http://bit.ly/PugREH
UPDATE TO THE FB OPTIONS TRADE as of 9/21/12:
My Seeking Alpha article of 8/15/12 presented a cheap and safe way to play FB into January 2013 by using a combination of options. The trade involved buying a Jan 16 call in place of 100 shares of stock, and then protecting that position with the purchase of a Jan 20 put. In order to lower the cost basis for the protective put, a Sept 18 put and a Sept 22 call were sold. On this expiration date (9/21) for the September options , the Sept 18 put expired worthless for a profit of $.70 and the Sept 22 call was bought to close for a profit of $.20. Thus, the cost basis for the Jan 20 put was lowered by $.90 down to $2.30.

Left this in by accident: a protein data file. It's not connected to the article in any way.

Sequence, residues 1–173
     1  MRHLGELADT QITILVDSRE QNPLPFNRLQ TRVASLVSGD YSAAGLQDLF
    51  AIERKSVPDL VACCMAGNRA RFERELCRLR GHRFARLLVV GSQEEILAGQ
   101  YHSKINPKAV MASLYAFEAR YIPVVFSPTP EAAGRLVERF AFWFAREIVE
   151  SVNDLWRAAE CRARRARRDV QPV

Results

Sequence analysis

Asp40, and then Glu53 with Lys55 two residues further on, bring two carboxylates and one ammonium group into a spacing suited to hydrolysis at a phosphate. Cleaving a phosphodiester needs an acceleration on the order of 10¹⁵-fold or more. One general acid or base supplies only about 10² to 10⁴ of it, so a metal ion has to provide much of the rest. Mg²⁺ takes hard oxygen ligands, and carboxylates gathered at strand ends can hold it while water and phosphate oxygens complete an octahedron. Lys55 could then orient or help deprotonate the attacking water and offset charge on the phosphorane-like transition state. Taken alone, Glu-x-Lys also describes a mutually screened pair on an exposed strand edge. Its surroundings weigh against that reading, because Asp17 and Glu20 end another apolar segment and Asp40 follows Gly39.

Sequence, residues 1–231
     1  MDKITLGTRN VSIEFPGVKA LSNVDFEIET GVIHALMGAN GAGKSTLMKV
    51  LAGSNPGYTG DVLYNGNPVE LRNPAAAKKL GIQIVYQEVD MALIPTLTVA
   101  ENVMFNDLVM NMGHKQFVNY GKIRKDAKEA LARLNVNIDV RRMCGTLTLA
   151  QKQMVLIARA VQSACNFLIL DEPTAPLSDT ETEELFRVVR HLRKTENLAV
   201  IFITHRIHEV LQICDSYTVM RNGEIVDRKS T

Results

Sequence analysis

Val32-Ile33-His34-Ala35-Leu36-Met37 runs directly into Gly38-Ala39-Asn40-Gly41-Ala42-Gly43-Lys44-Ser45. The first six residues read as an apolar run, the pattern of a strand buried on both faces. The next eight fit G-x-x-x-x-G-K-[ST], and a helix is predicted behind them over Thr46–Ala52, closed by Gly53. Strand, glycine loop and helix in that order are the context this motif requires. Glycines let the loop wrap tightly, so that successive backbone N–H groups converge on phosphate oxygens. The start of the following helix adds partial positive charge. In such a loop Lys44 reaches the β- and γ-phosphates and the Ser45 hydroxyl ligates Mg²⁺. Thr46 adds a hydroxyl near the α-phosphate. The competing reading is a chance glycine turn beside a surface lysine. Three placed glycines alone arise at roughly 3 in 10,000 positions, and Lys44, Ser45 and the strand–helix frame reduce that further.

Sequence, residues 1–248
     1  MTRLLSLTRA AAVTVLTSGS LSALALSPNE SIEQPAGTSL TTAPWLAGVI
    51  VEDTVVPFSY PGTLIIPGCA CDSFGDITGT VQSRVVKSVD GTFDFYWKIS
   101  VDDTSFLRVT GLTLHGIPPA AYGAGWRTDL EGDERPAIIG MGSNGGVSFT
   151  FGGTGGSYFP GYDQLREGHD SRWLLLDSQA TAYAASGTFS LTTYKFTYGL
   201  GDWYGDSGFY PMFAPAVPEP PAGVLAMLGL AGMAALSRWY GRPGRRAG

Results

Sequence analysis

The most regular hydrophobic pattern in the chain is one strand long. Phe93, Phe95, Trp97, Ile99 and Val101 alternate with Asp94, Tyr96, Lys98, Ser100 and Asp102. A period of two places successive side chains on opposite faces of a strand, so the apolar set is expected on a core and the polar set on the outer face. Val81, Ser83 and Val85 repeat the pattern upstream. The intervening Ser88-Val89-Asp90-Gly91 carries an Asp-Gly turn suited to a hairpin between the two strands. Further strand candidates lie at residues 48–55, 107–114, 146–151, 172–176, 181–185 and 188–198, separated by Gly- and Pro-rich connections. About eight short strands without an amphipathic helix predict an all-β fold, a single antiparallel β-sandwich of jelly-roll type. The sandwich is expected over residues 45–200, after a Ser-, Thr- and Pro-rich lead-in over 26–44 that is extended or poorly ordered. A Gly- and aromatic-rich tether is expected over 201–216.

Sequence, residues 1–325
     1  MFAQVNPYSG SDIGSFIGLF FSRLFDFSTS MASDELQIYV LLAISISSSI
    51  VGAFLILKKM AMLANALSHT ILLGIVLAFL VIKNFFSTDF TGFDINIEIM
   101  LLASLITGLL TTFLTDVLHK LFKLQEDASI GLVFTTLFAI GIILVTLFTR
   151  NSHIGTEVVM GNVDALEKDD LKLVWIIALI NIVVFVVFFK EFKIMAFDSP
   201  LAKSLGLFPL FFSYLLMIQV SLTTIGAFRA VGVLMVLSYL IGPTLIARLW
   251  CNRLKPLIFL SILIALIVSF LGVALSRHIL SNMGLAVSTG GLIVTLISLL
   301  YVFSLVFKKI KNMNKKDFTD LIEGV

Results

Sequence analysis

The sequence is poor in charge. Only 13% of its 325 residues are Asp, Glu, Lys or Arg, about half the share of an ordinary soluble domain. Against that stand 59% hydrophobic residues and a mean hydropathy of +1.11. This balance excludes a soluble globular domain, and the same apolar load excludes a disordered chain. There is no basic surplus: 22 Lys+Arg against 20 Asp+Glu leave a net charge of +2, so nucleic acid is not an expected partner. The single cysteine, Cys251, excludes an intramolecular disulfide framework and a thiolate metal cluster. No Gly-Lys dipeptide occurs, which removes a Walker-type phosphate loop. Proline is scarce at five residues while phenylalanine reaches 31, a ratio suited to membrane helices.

The residual position of the Jan 16 call and Jan 20 put is currently showing a profit of almost 10% based upon the original cost of the trade. The residual position has the potential for unlimited profit if the price of FB rises. If the price of FB falls below $20, the protective put limits the loss to at most $4 per share at the January options expiration and only about $3 per share if the trade is closed by mid-December.
Hi Wealthlover (great name):
Let me first emphasize that the weekly options backspread trade on QCOM was based upon the assumption that the price of QCOM would receive a nice bounce following the iPhone 5 announcement by AAPL. The connection was that a QCOM product might be used with the iPhone 5, and an impressive announcement would boost QCOM stock price